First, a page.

On July 18th, 2009 New York City's mandatory menu calorie law went into action and restaurants with 15 or more locations were forced to post calories on menu boards and/or menus for their patrons.
The hope has always been that armed with this information people would choose fewer calories.
Well, so far the results aren't too promising - at least not for a very specific population.
In a paper published online in the journal Health Affairs, Brian Ebel and colleagues explored the purchasing behaviour of 1,156 adults at 4 different fast food locations in New York City. Researchers tracked purchases 2 weeks prior to the labeling law's implementation and 4 weeks after its implementation. Participants were told before purchasing that if they provided researchers with their receipt and answered a brief survey that they would receive $2. Prior studies using similar methodology for recruitment reported roughly 55% of restaurant goers participate. Researchers then used the receipts to determine the calories of the menu items ordered.
The population studied was quite distinct. 85% were from minorities, and half had only a high school diploma or less education. The neighbourhoods were poor neighbourhoods and on average respondents reported that they frequented fast food restaurants an average of 5x weekly.
What the researchers found was that for this sampling of poor, uneducated, fast-food addicted, minorities unless they specifically stated that they both noticed calories on the menu boards and changed their behaviours accordingly, calories consumed were the same both before and after the labeling law came into effect.
Given the sample, these data are clearly not necessarily representative to the rest of the population. I would also expect that there will be far less change in caloric purchasing in fast food restaurants with fairly limited menus than in fast casual restaurants with more varied fare and patrons with more disposable income. Looking at McDonald's menu specifically, there really isn't much variety in calories in that even salads, when combined with dressings, tend to have calories comparable to their burgers. Furthermore given the nature of the sample and the recruitment I wonder whether or not they selected for the poorest of these poor patrons who actually would bother taking time out of the middle of their weekday for $2.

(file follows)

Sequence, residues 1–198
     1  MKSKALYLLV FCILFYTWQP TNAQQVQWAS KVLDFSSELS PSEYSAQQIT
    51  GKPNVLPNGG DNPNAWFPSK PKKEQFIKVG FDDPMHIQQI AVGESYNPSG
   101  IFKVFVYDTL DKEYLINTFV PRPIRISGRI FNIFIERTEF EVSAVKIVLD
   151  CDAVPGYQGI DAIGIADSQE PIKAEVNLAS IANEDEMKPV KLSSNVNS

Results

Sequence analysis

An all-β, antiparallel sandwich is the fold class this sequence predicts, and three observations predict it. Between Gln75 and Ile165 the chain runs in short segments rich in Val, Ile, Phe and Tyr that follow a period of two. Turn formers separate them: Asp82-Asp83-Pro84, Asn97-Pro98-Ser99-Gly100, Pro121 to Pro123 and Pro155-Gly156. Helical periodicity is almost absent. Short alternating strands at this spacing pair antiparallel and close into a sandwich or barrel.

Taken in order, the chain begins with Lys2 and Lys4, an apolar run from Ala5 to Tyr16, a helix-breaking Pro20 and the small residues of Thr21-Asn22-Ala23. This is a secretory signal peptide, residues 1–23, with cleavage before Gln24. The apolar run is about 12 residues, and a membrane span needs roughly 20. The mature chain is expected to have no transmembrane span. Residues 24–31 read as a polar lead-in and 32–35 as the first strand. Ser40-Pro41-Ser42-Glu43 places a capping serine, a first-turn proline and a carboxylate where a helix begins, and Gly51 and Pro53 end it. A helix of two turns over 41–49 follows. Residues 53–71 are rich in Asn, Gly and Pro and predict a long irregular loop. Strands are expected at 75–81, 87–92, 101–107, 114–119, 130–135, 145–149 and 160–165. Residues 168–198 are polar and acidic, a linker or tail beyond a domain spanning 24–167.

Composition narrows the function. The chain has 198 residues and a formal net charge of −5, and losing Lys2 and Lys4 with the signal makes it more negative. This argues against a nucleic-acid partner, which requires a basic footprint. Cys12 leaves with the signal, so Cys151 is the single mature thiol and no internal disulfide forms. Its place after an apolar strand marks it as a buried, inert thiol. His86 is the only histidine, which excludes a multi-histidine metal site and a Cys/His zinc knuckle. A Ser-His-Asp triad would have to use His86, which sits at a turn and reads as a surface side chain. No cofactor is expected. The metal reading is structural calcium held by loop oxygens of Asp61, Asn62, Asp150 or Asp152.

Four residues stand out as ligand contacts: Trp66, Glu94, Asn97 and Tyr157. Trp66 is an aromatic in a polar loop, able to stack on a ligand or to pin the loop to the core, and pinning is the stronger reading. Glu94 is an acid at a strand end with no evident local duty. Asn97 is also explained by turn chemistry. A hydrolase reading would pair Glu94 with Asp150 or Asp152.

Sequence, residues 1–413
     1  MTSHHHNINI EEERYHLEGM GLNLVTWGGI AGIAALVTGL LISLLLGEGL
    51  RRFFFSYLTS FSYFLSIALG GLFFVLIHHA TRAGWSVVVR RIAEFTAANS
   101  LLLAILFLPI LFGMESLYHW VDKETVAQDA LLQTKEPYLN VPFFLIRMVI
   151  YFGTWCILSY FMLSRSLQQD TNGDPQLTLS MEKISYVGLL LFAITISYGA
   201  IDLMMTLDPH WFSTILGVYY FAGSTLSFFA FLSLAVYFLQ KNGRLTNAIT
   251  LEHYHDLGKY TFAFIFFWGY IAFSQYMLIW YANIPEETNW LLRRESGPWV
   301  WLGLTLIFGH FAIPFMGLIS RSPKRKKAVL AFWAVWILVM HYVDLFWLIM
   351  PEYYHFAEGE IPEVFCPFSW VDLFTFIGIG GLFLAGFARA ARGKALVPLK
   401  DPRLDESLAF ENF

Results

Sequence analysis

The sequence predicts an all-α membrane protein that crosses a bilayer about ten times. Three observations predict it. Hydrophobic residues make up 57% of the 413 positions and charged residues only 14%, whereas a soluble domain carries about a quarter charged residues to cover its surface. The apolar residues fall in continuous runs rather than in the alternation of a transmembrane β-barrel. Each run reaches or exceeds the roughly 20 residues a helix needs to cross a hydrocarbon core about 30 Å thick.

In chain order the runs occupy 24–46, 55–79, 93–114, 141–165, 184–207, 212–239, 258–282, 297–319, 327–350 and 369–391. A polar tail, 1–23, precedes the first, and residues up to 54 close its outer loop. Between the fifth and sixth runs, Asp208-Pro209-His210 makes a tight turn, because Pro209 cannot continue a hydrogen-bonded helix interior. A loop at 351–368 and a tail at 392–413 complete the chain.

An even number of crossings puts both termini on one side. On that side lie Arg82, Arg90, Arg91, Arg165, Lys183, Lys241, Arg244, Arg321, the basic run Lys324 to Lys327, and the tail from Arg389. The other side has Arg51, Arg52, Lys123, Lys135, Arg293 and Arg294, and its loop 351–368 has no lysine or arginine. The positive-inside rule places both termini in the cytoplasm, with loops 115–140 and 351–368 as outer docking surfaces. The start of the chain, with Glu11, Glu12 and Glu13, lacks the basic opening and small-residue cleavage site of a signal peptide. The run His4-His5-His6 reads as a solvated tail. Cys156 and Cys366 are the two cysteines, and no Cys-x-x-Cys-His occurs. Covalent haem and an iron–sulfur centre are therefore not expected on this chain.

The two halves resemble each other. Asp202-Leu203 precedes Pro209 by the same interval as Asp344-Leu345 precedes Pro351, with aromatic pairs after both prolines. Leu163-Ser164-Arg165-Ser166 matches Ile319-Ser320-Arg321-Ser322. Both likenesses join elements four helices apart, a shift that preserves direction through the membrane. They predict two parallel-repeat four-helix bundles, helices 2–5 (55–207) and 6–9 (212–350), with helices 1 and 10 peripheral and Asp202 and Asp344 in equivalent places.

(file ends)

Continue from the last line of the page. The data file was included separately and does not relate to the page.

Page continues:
The authors also admit that because the study took place so soon after the law went into effect perhaps they hadn't had enough exposure to have the numbers sink in. Personally I suspect that the exposure that truly would be necessary wouldn't be the actual calories on the menu boards but rather exposure to education as to just how many calories the body needs per day and in fact there have been studies that suggest menu labeling works far better when combined with that type of information.
At the end of the day what this study tells me is that cost matters to this group far more than calories, and pragmatically I don't blame them one bit. It also impresses upon me the real need of finding innovative means to provide affordable, healthy food for the poorly educated and impoverished.
So should we shelve these initiatives?
Of course not, though it will certainly make the results from the much larger sampling of 12,000 receipts being collected by the public health department of New York that much more interesting.
It's still a hill I'd be willing to die on.
Brian Elbel, Rogan Kersh, Victoria L. Brescoll, & L. Beth Dixon (2009). Calorie Labeling And Food Choices: A First Look At The Effects On Low-Income People In New York City Health Affairs